Physical activity can help the brain work. Scientifically, exercise boosts the learning processes in the brain. In tests with mice, those that exercised more learned faster.

Specifically, regular aerobic exercise stimulated the part of the brain in charge of learning and memory. Resistance training and strength exercises did not do the same. Though the study boasts of the potential of the findings in staving off dementia, they can help with all kinds of learning.

Additionally, exercise can improve sleep and reduce stress, both of which will help in your learning endeavors.

It may feel like an exercise routine takes time away from studies, but it’ll help in the long run, both with memory and stress levels.


You or your kids likely have strict class times, but outside of that, you can plan your time. For example, you can schedule homework for right after school. You can fit some study time in between classes — whatever works for your schedule.

Contrary to the popular advice of creating a routine and sticking to it, research has shown that changing the location, time, and materials used to study can boost your learning capabilities. Dr. Bjork, the head researcher, explains that when you study, your brain associates the material with your surroundings. Just like some sensations are linked to memories, studied material is linked to the environment.

If you vary the environment in which you study, your brain makes several associations with the study material, making it easier to recall the information in varying locations — like the classroom on exam day.

Studies have also shown that spacing out study sessions is more effective than procrastinating and cramming. Researchers speculate that after some time away from the material, your brain has to relearn parts of it before it can learn new things. That act of relearning solidifies the knowledge so you remember it for longer.

Plan school work accordingly, making sure to vary your work locations and set time aside for sleep, exercise, and relaxation.


Everyone needs time to wind down and relax, especially in a busy schedule.

It’s good for mental health and physical wellness. But it can be hard to relax when you’re stressed about school.

Break up study sessions and other time-intensive projects. We’ve already established that splitting up study sessions into smaller sessions is more effective than cramming the same number of hours together in a single session. The next step is to plan those sessions so you don’t leave them to the last minute.

If you’re a parent, discourage procrastination. In addition to what was said before, it causes undue stress and lowers performance. It could also add to behavior issues in and out of the classroom.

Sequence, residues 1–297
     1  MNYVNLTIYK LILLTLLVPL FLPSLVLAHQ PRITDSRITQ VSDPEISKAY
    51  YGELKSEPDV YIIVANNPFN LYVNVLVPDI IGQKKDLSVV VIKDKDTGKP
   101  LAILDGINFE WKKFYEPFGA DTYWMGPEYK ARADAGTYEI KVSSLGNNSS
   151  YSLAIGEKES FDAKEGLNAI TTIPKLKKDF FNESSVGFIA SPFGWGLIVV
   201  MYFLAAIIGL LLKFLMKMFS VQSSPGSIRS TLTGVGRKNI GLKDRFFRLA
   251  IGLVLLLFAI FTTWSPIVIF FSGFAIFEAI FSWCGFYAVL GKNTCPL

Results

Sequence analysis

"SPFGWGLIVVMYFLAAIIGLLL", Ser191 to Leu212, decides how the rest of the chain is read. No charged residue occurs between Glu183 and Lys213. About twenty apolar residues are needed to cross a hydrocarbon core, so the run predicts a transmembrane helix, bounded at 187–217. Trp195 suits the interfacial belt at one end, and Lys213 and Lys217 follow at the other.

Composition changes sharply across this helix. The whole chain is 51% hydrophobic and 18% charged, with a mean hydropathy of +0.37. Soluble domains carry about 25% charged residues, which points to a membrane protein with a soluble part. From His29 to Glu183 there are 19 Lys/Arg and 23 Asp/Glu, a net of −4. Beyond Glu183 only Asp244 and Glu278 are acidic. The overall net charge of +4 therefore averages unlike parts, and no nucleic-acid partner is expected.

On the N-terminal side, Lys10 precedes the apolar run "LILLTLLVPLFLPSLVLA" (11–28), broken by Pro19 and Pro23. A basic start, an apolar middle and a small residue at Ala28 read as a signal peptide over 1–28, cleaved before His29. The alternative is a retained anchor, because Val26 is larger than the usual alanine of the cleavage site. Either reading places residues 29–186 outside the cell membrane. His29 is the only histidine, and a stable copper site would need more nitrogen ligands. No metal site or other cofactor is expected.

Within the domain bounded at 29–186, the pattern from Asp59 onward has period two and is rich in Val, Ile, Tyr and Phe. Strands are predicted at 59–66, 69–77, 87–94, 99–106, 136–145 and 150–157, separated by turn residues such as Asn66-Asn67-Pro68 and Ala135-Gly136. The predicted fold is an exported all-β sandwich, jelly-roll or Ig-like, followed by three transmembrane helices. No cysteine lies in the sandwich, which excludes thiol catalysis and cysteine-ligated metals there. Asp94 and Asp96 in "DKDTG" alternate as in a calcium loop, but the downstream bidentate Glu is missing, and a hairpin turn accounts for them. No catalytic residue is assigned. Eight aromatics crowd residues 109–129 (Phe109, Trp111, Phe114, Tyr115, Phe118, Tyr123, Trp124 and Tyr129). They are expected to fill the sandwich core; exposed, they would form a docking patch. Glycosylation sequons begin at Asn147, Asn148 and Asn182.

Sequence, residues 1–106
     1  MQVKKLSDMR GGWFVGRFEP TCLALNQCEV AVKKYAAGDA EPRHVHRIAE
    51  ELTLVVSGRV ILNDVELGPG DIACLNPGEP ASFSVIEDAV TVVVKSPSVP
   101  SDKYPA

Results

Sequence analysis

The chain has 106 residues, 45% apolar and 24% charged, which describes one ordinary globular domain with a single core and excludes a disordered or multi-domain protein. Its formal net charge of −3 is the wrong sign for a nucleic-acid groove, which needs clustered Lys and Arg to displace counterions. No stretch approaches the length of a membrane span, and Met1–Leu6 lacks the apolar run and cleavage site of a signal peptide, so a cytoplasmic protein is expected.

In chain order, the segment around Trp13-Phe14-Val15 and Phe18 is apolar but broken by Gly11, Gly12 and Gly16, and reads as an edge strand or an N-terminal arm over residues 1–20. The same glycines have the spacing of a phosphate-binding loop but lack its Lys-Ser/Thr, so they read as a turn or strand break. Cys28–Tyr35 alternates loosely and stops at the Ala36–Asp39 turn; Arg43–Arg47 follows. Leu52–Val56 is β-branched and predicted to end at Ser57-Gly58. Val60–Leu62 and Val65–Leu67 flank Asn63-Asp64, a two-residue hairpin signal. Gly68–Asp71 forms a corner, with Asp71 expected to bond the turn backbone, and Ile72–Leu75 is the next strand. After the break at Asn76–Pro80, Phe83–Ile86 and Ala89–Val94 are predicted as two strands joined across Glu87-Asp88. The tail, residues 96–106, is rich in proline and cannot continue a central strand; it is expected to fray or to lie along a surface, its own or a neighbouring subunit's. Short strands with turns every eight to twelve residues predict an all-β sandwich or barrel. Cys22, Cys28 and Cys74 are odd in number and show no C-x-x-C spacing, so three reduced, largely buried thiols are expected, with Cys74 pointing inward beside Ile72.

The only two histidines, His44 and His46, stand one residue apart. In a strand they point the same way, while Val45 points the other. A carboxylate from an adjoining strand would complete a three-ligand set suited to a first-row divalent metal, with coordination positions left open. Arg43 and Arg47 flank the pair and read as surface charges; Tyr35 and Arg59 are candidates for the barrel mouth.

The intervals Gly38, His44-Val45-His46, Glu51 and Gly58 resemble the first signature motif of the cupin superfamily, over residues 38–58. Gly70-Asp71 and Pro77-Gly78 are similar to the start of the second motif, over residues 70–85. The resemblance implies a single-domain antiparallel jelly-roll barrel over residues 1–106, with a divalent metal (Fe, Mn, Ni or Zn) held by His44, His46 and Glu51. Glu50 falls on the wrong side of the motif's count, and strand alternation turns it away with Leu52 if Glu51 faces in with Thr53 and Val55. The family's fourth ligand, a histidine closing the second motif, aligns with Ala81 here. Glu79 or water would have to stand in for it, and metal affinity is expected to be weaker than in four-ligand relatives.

If you need some ideas for downtime, here are some things you can do that don’t involve learning:

  • Dates. Play dates or just gatherings with friends will help to relax and disconnect from the stresses of school.
  • Clubs. Joining fun clubs is a great way to schedule non-academic time; just make sure you enjoy going to them so they don’t become another obligation.
  • Solo activities. Go see a movie alone, go for a solo hike, or meditate in a quiet place.

Relaxation time could also be as simple as just never doing school work after dinner. That may also help with the wind-down process leading to bedtime.

Good habits start with work, so if you can, start early. You’ll see a difference in no time.

How to Be Happy, Based on Science

They say money can’t buy happiness, and they’re absolutely right. But if you can’t buy it, how do you get it? Is happiness an experience you can only see in already-happy people? Is it a greeting card emotion that’s too perfect to be attainable?

If you look up how to be happy, you’ll get results telling you to exercise, sleep better, and build a support network. While that may work sometimes, neuroscience has told us four concrete things that make us happy.

Be Grateful

According to neuroscience, you feel happy when your brain produces dopamine and serotonin. In fact, antidepressants often increase dopamine and serotonin levels to make you feel happier.

Feeling grateful does the same thing.

How do you practice that? If you’re not feeling it, search for something to be grateful for. Reach out to a friend or family member and thank them for something. In a relationship, showing gratitude, even for small things, can create a feedback loop where you keep passing it back and forth.

Even if you can’t find something to be grateful for, the act of searching is enough to boost your dopamine and serotonin levels and make you feel happier. So keep looking!

Label Negative Emotions

You can’t stop negative emotions from appearing, but you can decide what to do with them.

But what can you do when your negative emotions weigh you down so much that they bury you and keep you from even trying to do anything? Give them a name. Are you feeling anger? Anxiety? Sadness?

Neuroscience tells us that once we recognize a feeling and can name it, it doesn’t affect us as much. One reason this might happen is that when you name it, you separate yourself from it.

Are you sad, or do you just feel sad? Getting that distance can help you let go of those negative emotions.

If you need some help with this, try meditation or mindfulness, both of which use labeling. You can often find guided sessions that will help you get the hang of it.

Make a Decision

Have you ever noticed that you feel better after making a decision? No matter how difficult the decision, you feel relieved after it’s made, like a weight has been lifted off your shoulders.

That’s because making a decision reduces stress and boosts dopamine levels.

You can use that to be happier in everyday life.

If you have trouble making decisions — maybe you are worried you won’t make the perfect decision — just make one that is good enough. The pressure to make a good decision can weigh you down, create more stress, and prevent you from achieving happiness. If you experience this, try adopting “good enough is good enough” as your mantra when you’re feeling stressed about a decision.